International Committee of the Red Cross (ICRC) will once again be allowed to visit prisoners in Burma. Former political prisoners have welcomed the resumption of the visits, saying it is an “essential” form of moral and health support for inmates, while human rights advocates say it offers a chance to reform Burma’s notorious penal system.
After 2005, the ICRC continued to facilitate monthly family visits with prisoners and it helped arrange 3,000 of these in 2012. Last year the ICRC was also allowed to enter prisons to renovate infrastructure. It refurbished three prisons with new water, sewage and solar power supplies.
ICRC protocols require that access is confidential and unsupervised. When foreign ICRC workers visit, prisoners are registered and they can air their grievances and personal problems in private, and also request healthcare and improvements in their conditions. It covers anything that they want to discuss with us. And we might address some of these issues with authorities in private,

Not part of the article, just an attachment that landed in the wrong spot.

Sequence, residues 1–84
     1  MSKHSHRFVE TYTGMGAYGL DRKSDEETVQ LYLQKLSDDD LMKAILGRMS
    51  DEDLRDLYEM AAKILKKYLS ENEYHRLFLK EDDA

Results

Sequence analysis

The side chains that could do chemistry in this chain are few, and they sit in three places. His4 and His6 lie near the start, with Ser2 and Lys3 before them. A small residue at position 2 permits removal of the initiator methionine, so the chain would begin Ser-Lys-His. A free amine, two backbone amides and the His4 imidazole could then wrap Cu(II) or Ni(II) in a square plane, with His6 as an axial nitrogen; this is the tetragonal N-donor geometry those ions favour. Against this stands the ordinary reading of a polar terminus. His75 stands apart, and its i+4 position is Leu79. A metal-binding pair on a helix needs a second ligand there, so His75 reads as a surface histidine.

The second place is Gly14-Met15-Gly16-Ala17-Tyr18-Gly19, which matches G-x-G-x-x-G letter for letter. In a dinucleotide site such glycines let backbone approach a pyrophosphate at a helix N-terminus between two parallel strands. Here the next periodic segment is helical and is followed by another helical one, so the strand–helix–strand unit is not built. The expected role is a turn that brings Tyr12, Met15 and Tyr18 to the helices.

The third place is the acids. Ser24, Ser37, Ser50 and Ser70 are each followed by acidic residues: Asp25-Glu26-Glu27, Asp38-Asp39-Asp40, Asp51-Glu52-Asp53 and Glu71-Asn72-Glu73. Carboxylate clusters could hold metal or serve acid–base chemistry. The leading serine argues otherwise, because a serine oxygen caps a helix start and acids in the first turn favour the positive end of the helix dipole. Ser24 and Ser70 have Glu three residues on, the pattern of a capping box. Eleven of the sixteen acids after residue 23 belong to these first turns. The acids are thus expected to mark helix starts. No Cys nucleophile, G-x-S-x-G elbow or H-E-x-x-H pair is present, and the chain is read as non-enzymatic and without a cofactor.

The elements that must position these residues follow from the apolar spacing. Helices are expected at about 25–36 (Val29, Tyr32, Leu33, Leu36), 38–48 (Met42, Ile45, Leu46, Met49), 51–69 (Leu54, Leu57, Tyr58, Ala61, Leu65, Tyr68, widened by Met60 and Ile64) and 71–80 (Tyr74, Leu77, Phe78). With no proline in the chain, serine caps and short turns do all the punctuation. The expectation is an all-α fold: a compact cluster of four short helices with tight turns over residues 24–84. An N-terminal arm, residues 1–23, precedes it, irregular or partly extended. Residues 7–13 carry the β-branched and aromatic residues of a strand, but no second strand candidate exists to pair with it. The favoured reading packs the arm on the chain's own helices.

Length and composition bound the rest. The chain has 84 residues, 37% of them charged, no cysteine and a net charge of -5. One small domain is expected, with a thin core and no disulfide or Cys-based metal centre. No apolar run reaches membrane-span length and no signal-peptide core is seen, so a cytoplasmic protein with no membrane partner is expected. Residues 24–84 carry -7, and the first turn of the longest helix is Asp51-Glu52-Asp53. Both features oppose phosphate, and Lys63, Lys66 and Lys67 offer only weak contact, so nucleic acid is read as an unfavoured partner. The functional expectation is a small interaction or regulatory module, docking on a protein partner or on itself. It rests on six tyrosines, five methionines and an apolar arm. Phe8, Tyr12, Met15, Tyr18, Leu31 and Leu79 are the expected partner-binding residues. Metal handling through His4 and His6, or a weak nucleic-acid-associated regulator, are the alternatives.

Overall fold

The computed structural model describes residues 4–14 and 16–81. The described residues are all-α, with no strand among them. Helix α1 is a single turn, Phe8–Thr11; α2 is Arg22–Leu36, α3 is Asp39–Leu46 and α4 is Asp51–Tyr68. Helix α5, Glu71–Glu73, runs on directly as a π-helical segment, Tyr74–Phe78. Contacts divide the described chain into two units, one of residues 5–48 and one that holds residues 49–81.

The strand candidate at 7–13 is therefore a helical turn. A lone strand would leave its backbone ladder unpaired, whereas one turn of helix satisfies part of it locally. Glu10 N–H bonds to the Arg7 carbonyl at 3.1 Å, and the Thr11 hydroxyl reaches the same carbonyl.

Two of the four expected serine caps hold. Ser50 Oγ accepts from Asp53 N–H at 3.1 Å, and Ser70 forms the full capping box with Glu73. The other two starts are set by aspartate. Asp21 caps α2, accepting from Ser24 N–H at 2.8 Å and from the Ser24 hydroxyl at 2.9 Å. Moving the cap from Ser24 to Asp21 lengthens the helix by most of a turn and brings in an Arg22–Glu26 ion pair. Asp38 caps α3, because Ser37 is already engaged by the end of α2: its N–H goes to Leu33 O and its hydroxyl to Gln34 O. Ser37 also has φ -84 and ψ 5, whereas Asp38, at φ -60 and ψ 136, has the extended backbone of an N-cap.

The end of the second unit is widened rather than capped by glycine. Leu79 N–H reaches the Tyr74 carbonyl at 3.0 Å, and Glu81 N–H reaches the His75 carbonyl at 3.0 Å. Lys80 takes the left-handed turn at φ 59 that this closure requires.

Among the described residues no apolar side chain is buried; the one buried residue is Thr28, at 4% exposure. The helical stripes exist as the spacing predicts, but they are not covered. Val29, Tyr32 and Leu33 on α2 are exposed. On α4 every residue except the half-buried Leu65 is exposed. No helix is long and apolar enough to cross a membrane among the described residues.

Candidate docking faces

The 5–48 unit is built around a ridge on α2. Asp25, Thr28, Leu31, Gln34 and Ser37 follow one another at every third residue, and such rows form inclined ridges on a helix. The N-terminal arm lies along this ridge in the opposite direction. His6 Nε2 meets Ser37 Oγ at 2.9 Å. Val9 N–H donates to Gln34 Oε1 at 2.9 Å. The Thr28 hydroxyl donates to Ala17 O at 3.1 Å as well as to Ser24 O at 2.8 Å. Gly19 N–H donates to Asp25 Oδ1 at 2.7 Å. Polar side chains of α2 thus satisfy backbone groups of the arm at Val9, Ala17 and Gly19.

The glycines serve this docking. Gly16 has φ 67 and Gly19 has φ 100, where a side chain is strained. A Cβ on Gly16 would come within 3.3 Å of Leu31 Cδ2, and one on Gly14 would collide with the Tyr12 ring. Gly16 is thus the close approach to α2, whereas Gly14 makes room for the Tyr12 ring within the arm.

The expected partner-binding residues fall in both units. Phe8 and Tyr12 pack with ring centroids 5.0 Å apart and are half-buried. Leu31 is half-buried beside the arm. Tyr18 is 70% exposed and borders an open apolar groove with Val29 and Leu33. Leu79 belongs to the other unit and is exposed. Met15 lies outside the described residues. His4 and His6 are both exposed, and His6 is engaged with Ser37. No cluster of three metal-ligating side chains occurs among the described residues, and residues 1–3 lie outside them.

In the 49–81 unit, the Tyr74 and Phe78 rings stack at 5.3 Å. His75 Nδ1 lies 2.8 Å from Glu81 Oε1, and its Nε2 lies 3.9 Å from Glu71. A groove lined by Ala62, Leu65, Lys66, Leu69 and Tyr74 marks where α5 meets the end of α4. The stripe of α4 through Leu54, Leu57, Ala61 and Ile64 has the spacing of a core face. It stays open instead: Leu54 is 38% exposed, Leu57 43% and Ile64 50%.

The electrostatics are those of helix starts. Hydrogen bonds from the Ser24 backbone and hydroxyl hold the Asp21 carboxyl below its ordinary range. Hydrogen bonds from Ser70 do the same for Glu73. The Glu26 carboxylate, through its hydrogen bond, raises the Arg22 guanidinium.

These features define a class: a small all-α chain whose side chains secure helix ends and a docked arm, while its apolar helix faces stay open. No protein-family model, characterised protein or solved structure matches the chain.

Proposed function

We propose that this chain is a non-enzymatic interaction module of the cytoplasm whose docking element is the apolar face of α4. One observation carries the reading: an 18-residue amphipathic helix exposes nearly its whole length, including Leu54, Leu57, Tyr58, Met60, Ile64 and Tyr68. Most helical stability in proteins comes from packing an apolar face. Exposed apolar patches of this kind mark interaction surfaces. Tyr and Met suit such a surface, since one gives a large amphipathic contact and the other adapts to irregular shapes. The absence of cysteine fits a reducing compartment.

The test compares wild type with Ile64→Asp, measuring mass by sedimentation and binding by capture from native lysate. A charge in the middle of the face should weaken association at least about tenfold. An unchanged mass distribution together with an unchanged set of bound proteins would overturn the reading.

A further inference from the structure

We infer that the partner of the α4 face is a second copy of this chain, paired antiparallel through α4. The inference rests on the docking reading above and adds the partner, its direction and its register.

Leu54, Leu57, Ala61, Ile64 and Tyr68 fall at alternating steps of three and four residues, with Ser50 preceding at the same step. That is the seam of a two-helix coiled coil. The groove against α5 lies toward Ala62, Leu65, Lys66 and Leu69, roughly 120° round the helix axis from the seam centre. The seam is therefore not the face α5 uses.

“They give moral support and kindness to prisoners. And they can protect the political prisoners from mistreatment” by monitoring their condition, said a former political prisoner. “For me and other political prisoners it was essential.”
“The re-introduction of the ICRC into Burma is hopefully a sign that the government of Burma is moving towards dismantling the secrecy and isolation that has long surrounded Burma’s prisons,” added AAPP’s Human Rights Advisor. “We sincerely hope that the ICRC will put an end to the high rate of prisoners dying unnecessary anonymous deaths, and force the government of Burma to seriously reform the prison system.”